Communist Power in Europe, 1944-1949

By Martin McCauley | Go to book overview
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13 Thirty Years After


This is going to be a very personal contribution based more on memories than on documents; and I shall begin simply by saying what I was doing at this time.

In the first year of peace from May 1945 to May 1946, I was a minor official sitting in an office in the Whitehall area, and information of all sorts from Eastern Europe came on to my desk. In the summer of 1946 I spent nearly three months as a correspondent for The Times and The Economist in Czechoslovakia, Yugoslavia, Bulgaria, Romania and Hungary. Then again in the spring of 1947 five weeks for the same papers in Czechoslovakia and Hungary. During these journeys I had interviews with a number of prominent figures of those times. The Communist leaders in those days were only too delighted to talk at length to Western journalists, especially the Hungarians. I remember two fascinating conversations, two to three hours each, with Rákosi and Révai. In Romania there was the nominal Prime Minister, Petru Groza, an old friend of mine, not a Communist but a figure of some importance in those days, and I also spent some time again with Iuliu Maniu, former leader of the Romanians in Transylvania and twice Prime Minister, an old friend of my father, who had been very kind to me in my Romanian days between 1939 and 1941. In Bulgaria I had an hour's talk with Traicho Kostov, then deputy Prime Minister and a leading Communist, later executed in the 1949 purge; and with various Agrarian and more conservative figures. In Czechoslovakia in 1946 and 1947 I had several long talks with President Beneš and Jan Masaryk, both of whom, of course, I had met often in the past, thanks to my father. One meeting I had with Gottwald (who like Rákosi but in a rather different style, played the faux bonhomme with much gusto); another with Zápotocký; and several with Fierlinger, a man whom I must confess I didn't take much to, though he was extremely cordial to me. I made no written notes at the time. What I learnt, the essence of it, I put into my articles, but I still have memories of the personalities of those I have mentioned and of others. But of course, in a way more useful and more interesting were conversations with people who weren't prominent politicians, particularly in Yugoslavia and Romania, where I had (and to a lesser degree in Hungary also) friends from pre-war times.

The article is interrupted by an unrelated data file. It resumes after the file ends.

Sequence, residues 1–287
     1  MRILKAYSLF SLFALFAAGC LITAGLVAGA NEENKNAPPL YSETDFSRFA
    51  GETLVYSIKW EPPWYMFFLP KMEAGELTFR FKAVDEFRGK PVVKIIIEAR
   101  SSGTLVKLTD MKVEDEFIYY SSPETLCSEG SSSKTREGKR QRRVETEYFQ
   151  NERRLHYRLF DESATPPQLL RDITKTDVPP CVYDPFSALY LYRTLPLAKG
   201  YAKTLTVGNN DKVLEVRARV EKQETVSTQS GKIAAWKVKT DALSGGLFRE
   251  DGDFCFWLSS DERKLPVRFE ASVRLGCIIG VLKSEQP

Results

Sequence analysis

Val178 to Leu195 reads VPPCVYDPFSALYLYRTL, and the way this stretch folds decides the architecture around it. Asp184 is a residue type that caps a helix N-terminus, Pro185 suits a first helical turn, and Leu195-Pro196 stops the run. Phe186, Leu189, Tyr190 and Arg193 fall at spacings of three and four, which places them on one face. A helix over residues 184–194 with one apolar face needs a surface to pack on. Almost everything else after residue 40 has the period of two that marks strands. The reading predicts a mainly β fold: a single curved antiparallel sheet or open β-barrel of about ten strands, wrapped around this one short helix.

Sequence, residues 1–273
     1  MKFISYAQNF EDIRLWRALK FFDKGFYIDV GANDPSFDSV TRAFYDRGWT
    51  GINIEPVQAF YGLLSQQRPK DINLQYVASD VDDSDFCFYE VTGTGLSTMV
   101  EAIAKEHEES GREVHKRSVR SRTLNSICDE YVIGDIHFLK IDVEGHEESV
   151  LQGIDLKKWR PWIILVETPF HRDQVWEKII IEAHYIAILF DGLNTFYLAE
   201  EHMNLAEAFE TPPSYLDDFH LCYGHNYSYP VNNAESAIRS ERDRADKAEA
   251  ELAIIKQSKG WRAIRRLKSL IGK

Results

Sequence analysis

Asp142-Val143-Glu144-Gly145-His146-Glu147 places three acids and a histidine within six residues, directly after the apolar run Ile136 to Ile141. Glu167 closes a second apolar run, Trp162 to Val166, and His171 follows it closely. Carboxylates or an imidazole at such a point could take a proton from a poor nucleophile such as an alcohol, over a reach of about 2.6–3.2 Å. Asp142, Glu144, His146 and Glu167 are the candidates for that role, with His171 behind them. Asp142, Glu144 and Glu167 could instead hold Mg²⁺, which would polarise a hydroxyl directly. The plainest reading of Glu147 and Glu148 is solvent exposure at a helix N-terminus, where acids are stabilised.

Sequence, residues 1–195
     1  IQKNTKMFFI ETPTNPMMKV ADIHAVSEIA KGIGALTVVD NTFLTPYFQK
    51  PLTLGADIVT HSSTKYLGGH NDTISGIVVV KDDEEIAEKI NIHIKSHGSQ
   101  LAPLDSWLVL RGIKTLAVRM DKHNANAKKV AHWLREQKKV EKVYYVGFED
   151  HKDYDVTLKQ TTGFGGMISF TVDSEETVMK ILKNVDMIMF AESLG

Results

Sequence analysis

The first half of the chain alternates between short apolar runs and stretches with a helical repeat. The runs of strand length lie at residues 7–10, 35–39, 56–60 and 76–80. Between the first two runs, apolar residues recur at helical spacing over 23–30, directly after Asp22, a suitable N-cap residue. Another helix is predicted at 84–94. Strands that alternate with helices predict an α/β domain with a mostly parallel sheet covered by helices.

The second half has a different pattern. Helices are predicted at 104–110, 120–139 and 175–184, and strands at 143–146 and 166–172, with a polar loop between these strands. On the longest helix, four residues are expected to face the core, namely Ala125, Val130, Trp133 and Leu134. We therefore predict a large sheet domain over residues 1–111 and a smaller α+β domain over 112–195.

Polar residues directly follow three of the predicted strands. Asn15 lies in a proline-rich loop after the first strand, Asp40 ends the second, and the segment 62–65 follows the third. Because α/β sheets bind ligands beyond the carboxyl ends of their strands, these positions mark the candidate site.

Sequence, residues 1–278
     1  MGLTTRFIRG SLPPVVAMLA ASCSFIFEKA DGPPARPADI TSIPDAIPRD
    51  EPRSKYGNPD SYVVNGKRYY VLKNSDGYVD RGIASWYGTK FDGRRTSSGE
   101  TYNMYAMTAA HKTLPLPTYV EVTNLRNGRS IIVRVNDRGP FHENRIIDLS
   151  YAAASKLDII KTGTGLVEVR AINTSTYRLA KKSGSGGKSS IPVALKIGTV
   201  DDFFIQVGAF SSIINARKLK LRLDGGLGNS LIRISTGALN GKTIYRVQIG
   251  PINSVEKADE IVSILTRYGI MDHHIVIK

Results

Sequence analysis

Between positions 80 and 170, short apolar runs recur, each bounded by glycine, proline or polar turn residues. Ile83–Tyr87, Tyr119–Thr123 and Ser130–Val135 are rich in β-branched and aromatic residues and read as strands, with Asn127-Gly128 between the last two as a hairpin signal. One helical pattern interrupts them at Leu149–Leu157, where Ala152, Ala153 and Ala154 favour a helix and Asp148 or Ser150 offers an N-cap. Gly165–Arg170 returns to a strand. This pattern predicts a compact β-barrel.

From the autumn of 1946 for about ten years, especially in the first two or three, I did regular pieces for The Economist, and used to attend editorial


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